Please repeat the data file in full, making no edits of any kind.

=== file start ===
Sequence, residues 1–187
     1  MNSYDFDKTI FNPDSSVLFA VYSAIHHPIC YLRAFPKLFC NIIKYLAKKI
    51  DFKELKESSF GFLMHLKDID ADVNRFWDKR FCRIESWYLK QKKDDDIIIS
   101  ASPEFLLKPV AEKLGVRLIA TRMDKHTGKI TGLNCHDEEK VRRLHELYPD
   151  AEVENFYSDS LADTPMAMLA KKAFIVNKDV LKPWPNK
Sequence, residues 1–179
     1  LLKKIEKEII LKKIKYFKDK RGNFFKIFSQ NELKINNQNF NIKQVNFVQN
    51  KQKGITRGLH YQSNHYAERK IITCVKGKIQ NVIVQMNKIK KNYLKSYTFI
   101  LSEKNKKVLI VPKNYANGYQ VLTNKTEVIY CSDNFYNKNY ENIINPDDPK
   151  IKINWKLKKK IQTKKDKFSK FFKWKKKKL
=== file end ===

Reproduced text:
Sequence, residues 1–187
     1  MNSYDFDKTI FNPDSSVLFA VYSAIHHPIC YLRAFPKLFC NIIKYLAKKI
    51  DFKELKESSF GFLMHLKDID ADVNRFWDKR FCRIESWYLK QKKDDDIIIS
   101  ASPEFLLKPV AEKLGVRLIA TRMDKHTGKI TGLNCHDEEK VRRLHELYPD
   151  AEVENFYSDS LADTPMAMLA KKAFIVNKDV LKPWPNK
Sequence, residues 1–179
     1  LLKKIEKEII LKKIKYFKDK RGNFFKIFSQ NELKINNQNF NIKQVNFVQN
    51  KQKGITRGLH YQSNHYAERK IITCVKGKIQ NVIVQMNKIK KNYLKSYTFI
   101  LSEKNKKVLI VPKNYANGYQ VLTNKTEVIY CSDNFYNKNY ENIINPDDPK
   151  IKINWKLKKK IQTKKDKFSK FFKWKKKKL